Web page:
The Entrepreneurial Spirit

By Robert Chute
[Practitioner Parables]

As a freshly minted massage therapist, I headed northwest and ended up in Edmonton, Alberta. I knew I was going to open a massage clinic, but I didn’t know anyone. I just knew I needed to work for myself.

I had to quickly find a place to work. I’d started up businesses before, so I knew this would be a very busy, creative, lucky time. I had mountains to climb, no rope to grasp, and no net below me.

Sometimes it seems there is an entrepreneurial deficit among massage therapists. That’s OK. Having your own business is not for everyone and many practitioners—for many good reasons—prefer to work for someone else. One colleague told me she loved going to work, massaging, and walking out without doing anything else. Accounting, advertising, and marketing—these were things the boss had to worry about, not her.

Well, that’s true. In fact, in many new, small practices, the employees may even make more money than the boss because payroll has to be met first.

But there is great fun and fulfillment in starting something bigger than yourself. I must admit, my career arrangement has more to do with what many people consider my character flaw: working for someone else feels like sandpaper on my frontal lobe. Everyone serves someone, but I need to wind my own clock.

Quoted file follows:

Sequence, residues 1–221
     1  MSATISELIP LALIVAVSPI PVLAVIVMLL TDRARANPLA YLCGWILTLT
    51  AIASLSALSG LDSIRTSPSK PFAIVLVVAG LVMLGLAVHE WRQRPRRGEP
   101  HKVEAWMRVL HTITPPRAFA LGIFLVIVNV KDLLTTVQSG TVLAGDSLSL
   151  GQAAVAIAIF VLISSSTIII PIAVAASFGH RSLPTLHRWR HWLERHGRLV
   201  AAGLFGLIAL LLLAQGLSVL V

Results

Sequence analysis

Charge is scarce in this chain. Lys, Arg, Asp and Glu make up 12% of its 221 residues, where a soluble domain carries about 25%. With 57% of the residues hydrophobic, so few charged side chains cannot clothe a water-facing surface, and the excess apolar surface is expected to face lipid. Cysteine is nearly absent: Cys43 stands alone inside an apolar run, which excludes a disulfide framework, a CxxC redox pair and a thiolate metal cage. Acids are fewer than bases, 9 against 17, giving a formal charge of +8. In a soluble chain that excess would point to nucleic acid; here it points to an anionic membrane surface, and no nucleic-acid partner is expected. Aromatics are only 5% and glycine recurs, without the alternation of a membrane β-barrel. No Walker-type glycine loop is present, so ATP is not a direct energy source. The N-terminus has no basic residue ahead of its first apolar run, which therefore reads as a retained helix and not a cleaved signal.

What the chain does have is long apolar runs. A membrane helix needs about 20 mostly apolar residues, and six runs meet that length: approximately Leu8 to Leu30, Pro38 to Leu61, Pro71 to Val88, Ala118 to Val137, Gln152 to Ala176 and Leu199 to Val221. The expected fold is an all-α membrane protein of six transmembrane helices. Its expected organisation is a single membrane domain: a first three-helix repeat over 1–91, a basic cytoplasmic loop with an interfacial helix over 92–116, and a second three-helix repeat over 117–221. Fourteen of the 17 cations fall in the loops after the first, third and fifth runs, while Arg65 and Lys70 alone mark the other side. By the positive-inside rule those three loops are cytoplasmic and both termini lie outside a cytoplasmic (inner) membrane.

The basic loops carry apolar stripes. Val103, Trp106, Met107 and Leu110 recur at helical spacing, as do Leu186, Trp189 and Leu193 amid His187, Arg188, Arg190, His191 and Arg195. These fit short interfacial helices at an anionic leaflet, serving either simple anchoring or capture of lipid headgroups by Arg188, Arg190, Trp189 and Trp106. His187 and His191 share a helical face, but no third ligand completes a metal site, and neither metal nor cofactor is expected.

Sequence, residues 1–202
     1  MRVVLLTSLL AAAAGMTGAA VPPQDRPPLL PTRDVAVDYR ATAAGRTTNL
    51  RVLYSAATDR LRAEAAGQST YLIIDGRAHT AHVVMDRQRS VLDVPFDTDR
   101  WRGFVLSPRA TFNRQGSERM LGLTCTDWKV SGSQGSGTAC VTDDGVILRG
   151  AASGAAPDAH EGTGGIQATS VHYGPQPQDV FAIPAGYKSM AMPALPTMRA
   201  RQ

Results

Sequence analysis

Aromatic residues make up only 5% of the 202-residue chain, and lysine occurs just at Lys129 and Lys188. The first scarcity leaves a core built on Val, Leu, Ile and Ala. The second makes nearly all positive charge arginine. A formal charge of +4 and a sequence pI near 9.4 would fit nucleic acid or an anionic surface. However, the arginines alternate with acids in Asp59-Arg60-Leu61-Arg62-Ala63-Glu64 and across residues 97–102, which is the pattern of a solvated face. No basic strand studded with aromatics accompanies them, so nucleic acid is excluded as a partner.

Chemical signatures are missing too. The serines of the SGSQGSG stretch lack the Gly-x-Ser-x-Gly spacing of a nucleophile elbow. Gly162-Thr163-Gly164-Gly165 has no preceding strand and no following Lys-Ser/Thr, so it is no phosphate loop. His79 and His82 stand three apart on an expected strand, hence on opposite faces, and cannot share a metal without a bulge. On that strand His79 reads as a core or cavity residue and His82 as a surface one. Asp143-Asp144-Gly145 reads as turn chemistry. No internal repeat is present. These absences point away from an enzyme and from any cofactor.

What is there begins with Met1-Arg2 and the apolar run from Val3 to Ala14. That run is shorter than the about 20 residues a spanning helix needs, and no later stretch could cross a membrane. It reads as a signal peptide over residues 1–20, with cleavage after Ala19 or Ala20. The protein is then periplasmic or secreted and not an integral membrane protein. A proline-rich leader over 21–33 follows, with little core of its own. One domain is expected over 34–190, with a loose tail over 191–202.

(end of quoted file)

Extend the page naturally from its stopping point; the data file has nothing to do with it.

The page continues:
As a massage therapist, we have many bosses. Each client is a boss in the sense that each requires our attendance, attention, and skilled care. Having many bosses is good because it would take a cataclysmic event (dancing on your table, nuclear war, zombie attack) for all your bosses to fire you at once.

But, of course, it’s a risk. In my first year, the risks I worried about most were financial. I was out there every day desperately fanning fledgling sparks to ignite my practice. Until the fire caught, I woke up each morning before dawn. Going out to promote myself and talk about the wonders of massage were the only ways to fan the flame. I did something every day to build my practice.

Starting a practice is, in many ways, the best of times. Many roads and crossroads (and dead ends) lie ahead. You live in limbo wondering what the future holds, eager to see how your story will progress. You’re excited to help people. You never know whom you will meet around the next corner.

As a young therapist, I had much more missionary zeal than I do now. Now my energies are directed toward helping all those wonderful people I’ve already met. I’ve little room for new faces.

You’ve got a fresh pocketful of flashy new business cards and (luckily) dumb optimism. If you understood the odds against launching a small business and succeeding, you might instead be an informed coward who did not try.

As the saying goes: not trying is the only way to guarantee you’ll never fail. Or succeed.

 Employee or entrepreneur? Which did you choose and why? Tell me at